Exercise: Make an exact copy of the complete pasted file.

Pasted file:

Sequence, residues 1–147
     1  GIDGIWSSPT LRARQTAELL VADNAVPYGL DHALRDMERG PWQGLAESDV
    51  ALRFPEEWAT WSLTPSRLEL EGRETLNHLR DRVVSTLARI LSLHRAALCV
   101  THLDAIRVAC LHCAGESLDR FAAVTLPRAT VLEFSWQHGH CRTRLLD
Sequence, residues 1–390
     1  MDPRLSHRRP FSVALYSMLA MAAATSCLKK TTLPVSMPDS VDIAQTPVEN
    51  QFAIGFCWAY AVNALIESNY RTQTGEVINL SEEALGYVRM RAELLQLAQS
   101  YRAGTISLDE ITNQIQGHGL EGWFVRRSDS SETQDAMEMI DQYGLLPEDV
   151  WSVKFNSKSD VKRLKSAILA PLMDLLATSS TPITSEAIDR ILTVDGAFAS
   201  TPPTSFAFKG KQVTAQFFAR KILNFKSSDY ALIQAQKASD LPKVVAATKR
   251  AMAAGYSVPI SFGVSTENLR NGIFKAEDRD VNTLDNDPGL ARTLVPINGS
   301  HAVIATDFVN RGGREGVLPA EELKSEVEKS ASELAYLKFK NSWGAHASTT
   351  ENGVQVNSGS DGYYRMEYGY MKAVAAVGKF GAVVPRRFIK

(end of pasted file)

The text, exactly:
Sequence, residues 1–147
     1  GIDGIWSSPT LRARQTAELL VADNAVPYGL DHALRDMERG PWQGLAESDV
    51  ALRFPEEWAT WSLTPSRLEL EGRETLNHLR DRVVSTLARI LSLHRAALCV
   101  THLDAIRVAC LHCAGESLDR FAAVTLPRAT VLEFSWQHGH CRTRLLD
Sequence, residues 1–390
     1  MDPRLSHRRP FSVALYSMLA MAAATSCLKK TTLPVSMPDS VDIAQTPVEN
    51  QFAIGFCWAY AVNALIESNY RTQTGEVINL SEEALGYVRM RAELLQLAQS
   101  YRAGTISLDE ITNQIQGHGL EGWFVRRSDS SETQDAMEMI DQYGLLPEDV
   151  WSVKFNSKSD VKRLKSAILA PLMDLLATSS TPITSEAIDR ILTVDGAFAS
   201  TPPTSFAFKG KQVTAQFFAR KILNFKSSDY ALIQAQKASD LPKVVAATKR
   251  AMAAGYSVPI SFGVSTENLR NGIFKAEDRD VNTLDNDPGL ARTLVPINGS
   301  HAVIATDFVN RGGREGVLPA EELKSEVEKS ASELAYLKFK NSWGAHASTT
   351  ENGVQVNSGS DGYYRMEYGY MKAVAAVGKF GAVVPRRFIK